Information for Patients
Also called: XXY male
Klinefelter syndrome (KS) is a condition that occurs in men who have an extra X chromosome. The syndrome can affect different stages of physical, language, and social development.
The most common symptom is infertility. Boys may be taller than other boys their age, with more fat around the belly. After puberty, KS boys may have
- Smaller testes and penis
- Breast growth
- Less facial and body hair
- Reduced muscle tone
- Narrower shoulders and wider hips
- Weaker bones
- Decreased sexual interest
- Lower energy
KS males may have learning or language problems. They may be quiet and shy and have trouble fitting in.
A genetic test can diagnose KS. There is no cure, but treatments are available. It is important to start treatment as early as possible. With treatment, most boys grow up to have normal lives.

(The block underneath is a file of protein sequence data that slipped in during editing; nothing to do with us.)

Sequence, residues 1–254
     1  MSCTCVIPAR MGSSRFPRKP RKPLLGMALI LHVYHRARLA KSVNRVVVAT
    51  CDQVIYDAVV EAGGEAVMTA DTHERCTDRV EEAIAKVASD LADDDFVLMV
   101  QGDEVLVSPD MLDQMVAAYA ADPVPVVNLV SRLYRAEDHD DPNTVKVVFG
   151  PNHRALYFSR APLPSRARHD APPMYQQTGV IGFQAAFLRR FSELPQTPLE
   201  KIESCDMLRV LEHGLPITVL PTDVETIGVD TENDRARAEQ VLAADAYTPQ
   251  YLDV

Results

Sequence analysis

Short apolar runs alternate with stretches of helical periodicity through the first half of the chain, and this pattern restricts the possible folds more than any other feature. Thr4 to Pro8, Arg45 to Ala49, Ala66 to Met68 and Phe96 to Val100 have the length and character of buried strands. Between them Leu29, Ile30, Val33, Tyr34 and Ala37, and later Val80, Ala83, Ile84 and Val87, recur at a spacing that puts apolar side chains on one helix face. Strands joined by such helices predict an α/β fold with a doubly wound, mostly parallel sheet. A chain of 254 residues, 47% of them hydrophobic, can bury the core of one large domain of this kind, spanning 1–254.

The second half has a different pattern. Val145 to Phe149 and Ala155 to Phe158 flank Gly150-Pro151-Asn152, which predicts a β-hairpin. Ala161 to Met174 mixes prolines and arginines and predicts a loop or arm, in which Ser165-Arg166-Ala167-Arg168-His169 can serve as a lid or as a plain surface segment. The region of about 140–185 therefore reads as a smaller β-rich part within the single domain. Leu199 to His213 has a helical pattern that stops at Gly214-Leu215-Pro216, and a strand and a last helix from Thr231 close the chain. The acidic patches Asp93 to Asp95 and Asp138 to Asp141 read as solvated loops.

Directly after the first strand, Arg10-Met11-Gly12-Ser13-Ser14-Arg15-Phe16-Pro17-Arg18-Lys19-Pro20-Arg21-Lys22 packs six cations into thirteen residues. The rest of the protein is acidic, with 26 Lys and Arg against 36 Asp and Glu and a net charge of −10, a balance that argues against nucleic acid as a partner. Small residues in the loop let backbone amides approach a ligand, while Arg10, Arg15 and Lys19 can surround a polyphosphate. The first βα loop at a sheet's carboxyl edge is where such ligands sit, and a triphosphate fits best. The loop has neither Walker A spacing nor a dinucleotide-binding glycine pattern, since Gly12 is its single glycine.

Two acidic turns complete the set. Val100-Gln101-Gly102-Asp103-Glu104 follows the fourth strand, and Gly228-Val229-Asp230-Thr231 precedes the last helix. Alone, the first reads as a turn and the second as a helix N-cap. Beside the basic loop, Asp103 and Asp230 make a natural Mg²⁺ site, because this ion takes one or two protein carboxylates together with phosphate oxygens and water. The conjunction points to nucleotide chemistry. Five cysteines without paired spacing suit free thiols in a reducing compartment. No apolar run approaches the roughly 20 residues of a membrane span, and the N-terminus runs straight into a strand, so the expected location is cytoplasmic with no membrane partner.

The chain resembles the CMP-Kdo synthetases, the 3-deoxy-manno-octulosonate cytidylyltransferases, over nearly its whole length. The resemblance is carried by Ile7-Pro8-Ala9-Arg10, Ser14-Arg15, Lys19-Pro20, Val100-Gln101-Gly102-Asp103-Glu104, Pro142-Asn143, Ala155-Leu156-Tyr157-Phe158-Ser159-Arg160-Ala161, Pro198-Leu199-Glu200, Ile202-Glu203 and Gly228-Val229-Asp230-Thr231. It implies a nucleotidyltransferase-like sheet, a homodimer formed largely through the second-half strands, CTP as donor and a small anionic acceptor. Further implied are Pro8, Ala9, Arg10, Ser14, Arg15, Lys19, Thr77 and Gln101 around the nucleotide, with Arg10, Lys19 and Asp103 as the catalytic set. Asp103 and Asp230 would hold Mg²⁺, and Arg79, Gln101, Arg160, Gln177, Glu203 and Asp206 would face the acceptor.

Treatments include testosterone replacement therapy and breast reduction surgery. If needed, physical, speech, language, and occupational therapy may also help.
NIH: National Institute of Child Health and Human Development
- Klinefelter syndrome (Medical Encyclopedia)
General Equivalence Map Definitions
The ICD-10 and ICD-9 GEMs are used to facilitate linking between the diagnosis codes in ICD-9-CM and the new ICD-10-CM code set. The GEMs are the raw material from which providers, health information vendors and payers can derive specific applied mappings to meet their needs.
- Approximate Flag - The approximate flag is on, indicating that the relationship between the code in the source system and the code in the target system is an approximate equivalent.
- No Map Flag - The no map flag indicates that a code in the source system is not linked to any code in the target system.
- Combination Flag - The combination flag indicates that more than one code in the target system is required to satisfy the full equivalent meaning of a code in the source system.